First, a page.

Couple-years of protection (CYP)

Couple-years of protection (CYP)

Couple-years of protection (CYP)

The estimated protection provided by family planning (FP) methods during a one-year period, based upon the volume of all contraceptives sold or distributed free of charge to clients during that period. This includes permanent methods, such as sterilization, and the lactational amenorrhea method (LAM).

The CYP for each contraceptive method is calculated by multiplying the number of units distributed (for sale or for free) to clients over a defined period, usually 12 months (could be a calendar year or fiscal year) by a conversion factor that quantifies the duration of contraceptive protection provided per unit distributed and per procedure. The CYPs for each method are then summed over all methods to obtain a total CYP figure.

For some methods like condoms, coital frequency and effectiveness are the most important inputs for the CYP calculation while for methods like intrauterine devices (IUDs) and implants, labelled duration of use and continuation rates are used in the calculation.

CYP includes all contraceptive methods distributed to clients, regardless of whether the primary purpose for obtaining a method is to prevent pregnancy or not.

The EVALUATION Project undertook an extensive review of the literature and empirical data on a number of the variables that form the underlying assumptions for the calculation of CYP. USAID issued a slightly modified set of conversion factors, which the Agency used since 1997. CYP was updated in 2000 by the EVALUATION Project; in 2011 by the RESPOND Project; and most recently in 2022 by FHI 360, Avenir Health, and USAID.1 The FP methods and conversion factors are endorsed by USAID and are posted on the Agency’s website.  The updated factors are as follows:

Method CYP Per Unit
Sterilization 10 CYP per procedure (Globally)

13 CYP per procedure (India, Nepal & Bangladesh)

Copper IUD 4.6 CYP per insertion
Hormonal IUD 4.8 CYP per insertion
Combined Oral Contraceptives (COC) (blister packs of 28 pills)* 0.0667 CYP per pack (i.e., 15 cycles per CYP)
Progestin-only Pills (POP) (blister packs of 35 pills)* 0.0833 CYP per pack (i.e., 11.18 cycles per CYP rounded to 12)
Implants: 3 year (Implanon/ ImplanonNXT, Levoplant) 2.5 CYP per implant
Implants: 5 year (Jadelle) 3.8 CYP per implant
Injectables 0.25 CYP per dose (Depo Provera) (i.e., 4 doses per CYP)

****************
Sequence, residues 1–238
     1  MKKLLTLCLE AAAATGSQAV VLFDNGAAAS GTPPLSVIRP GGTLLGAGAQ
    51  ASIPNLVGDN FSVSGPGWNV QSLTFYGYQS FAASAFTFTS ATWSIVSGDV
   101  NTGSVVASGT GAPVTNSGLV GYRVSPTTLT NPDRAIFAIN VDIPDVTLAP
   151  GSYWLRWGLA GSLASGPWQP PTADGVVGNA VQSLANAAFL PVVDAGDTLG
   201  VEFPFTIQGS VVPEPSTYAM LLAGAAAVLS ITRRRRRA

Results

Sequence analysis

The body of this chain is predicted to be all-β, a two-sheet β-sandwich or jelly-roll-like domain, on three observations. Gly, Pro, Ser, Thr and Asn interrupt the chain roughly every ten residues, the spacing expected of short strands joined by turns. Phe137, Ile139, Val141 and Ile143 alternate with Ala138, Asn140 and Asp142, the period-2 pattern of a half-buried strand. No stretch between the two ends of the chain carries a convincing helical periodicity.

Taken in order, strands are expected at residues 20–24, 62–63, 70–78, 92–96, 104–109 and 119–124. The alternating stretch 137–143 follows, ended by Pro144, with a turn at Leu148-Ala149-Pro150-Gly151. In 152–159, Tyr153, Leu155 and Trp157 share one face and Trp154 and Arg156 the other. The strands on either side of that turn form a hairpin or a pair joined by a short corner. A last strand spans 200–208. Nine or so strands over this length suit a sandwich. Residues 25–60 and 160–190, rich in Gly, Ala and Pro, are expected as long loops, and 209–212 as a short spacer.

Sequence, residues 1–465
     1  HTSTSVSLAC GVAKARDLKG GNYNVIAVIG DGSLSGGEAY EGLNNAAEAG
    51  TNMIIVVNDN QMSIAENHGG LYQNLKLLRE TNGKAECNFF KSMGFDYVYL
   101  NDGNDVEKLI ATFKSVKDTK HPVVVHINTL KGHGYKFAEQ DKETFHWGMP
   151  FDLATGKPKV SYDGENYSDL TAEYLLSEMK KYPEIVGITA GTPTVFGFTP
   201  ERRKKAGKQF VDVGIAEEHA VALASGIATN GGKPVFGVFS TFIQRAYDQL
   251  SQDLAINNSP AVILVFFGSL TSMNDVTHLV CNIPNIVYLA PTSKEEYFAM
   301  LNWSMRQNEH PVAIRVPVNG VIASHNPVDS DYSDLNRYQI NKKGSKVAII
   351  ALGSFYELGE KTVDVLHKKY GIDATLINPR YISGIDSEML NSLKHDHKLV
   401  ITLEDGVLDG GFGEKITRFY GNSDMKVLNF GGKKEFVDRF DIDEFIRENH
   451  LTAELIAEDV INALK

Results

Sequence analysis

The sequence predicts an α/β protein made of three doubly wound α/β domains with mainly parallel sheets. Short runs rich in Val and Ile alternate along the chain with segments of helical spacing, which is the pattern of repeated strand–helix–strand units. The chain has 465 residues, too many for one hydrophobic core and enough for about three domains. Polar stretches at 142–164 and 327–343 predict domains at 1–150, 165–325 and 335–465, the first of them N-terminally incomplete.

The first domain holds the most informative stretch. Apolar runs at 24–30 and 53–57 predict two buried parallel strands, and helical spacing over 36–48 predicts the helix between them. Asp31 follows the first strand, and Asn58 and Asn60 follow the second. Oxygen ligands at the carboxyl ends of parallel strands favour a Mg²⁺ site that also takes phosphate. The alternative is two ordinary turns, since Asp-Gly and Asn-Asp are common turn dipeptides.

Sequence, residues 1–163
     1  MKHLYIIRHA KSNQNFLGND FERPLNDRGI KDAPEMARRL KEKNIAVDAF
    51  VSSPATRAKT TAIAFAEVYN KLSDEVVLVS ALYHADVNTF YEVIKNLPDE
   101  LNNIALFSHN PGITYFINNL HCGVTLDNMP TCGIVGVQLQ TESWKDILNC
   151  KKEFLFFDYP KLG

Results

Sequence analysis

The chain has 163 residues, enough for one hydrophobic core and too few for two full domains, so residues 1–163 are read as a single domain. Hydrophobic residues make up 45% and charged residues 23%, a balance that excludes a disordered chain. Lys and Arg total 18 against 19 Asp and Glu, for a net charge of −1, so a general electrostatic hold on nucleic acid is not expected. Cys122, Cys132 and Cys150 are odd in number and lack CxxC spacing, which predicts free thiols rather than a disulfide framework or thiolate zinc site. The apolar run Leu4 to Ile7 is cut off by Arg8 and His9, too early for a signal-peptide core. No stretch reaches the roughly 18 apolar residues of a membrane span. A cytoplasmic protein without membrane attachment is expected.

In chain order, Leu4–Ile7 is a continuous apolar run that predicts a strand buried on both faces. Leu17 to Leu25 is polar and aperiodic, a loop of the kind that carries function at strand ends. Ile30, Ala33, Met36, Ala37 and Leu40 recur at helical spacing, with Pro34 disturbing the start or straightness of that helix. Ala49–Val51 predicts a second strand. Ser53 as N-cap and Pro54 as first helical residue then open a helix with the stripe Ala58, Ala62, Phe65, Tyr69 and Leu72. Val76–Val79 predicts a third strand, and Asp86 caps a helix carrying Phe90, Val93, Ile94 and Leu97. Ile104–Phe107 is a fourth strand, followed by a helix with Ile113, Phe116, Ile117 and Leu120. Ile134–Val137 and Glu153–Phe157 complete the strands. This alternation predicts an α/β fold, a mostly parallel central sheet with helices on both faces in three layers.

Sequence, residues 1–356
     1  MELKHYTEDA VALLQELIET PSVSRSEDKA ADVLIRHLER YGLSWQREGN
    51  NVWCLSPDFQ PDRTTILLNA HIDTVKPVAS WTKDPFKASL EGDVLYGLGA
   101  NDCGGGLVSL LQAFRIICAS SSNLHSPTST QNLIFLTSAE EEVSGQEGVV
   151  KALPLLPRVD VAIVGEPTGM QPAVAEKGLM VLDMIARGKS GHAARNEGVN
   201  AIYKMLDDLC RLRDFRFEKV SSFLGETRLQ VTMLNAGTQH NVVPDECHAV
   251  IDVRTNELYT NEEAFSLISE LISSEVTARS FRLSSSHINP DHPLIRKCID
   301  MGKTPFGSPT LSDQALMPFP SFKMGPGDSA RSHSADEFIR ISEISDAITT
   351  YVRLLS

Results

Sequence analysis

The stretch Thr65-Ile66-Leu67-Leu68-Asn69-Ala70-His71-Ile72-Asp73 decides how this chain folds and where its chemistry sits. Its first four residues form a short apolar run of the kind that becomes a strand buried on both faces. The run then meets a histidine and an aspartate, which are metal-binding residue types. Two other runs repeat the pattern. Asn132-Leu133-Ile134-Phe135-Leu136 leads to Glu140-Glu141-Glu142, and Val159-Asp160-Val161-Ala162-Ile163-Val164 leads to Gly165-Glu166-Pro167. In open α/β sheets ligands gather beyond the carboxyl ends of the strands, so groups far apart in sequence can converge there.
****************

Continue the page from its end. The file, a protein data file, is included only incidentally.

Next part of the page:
0.167 CYP per dose (Noristerat) (i.e., 6 doses per CYP)

0.077 CYP per dose (Cyclofem) (i.e., 13 doses per CYP)

Condoms 0.00833 CYP per unit (i.e., 120 units per CYP)
Vaginal Foaming Tablets 0.00833 CYP per unit (i.e., 120 units per CYP)
Standard Days Method (SDM) 1.5 CYP per trained adopter
LAM 0.25 CYP per user
Diaphragm 1 CYP per diaphragm
Levonorgestrel 1.5mg for pericoital use 0.033 CYP per pill (i.e., 31 pills per CYP, rounded to 30)
Hormonal Patch 0.067 CYP per cycle (i.e., 14 cycles per CYP, rounded to 15)
Vaginal Ring 0.067 CYP per cycle (i.e., 14 cycles per CYP, rounded to 15)
Emergency Contraception 0.05 CYP per dose (i.e., 20 doses per CYP)

*CYP is based on COCs being packaged in packs of 28 pills. USAID currently has long-term agreements with suppliers who package their POPs in packets of 35 pills and does not provide any POPs in 28-day packs. Consequently, separating oral contraceptives into COCs and POPs is necessary.1

These estimates are rounded to reflect “USAID’s interest in simplicity (rounding), continuity (with previously used values), and adjustment for suspected wastage.”2

Data Requirements:

Quantities of pills, condoms, and spermicides distributed to clients; numbers of IUDs and implants inserted; number of injections administered; number of sterilization operations performed; number of trained, confirmed clients of SDM; number of LAM clients during the reference period.

If targeting and/or linking to inequity, outlets can be classified by location (poor/not poor) and CYP can be disaggregated by location.

Service statistics or health management information system, DHIS2

Supply chain data related to FP commodities in warehouse facilities or FP stock delivered to, or in storage at, health facilities should not be used to calculate this indicator. The calculation is based on FP services and products provided to clients. If this information is not available, a proxy CYP can be calculated as noted in the Issues section below.

CYP measures the estimated protection provided by FP based on the volume of contraceptive method distribution to clients to help monitor health system performance and track trends and progress over time. Program managers and donor agencies use it to follow progress in the delivery of contraceptive services to clients at the program and project levels. Because many donors, organizations, and initiatives, such as USAID, IPPF, and FP2020 generally require reporting CYP, this measure is currently one of the most widely used output indicators in international FP programs.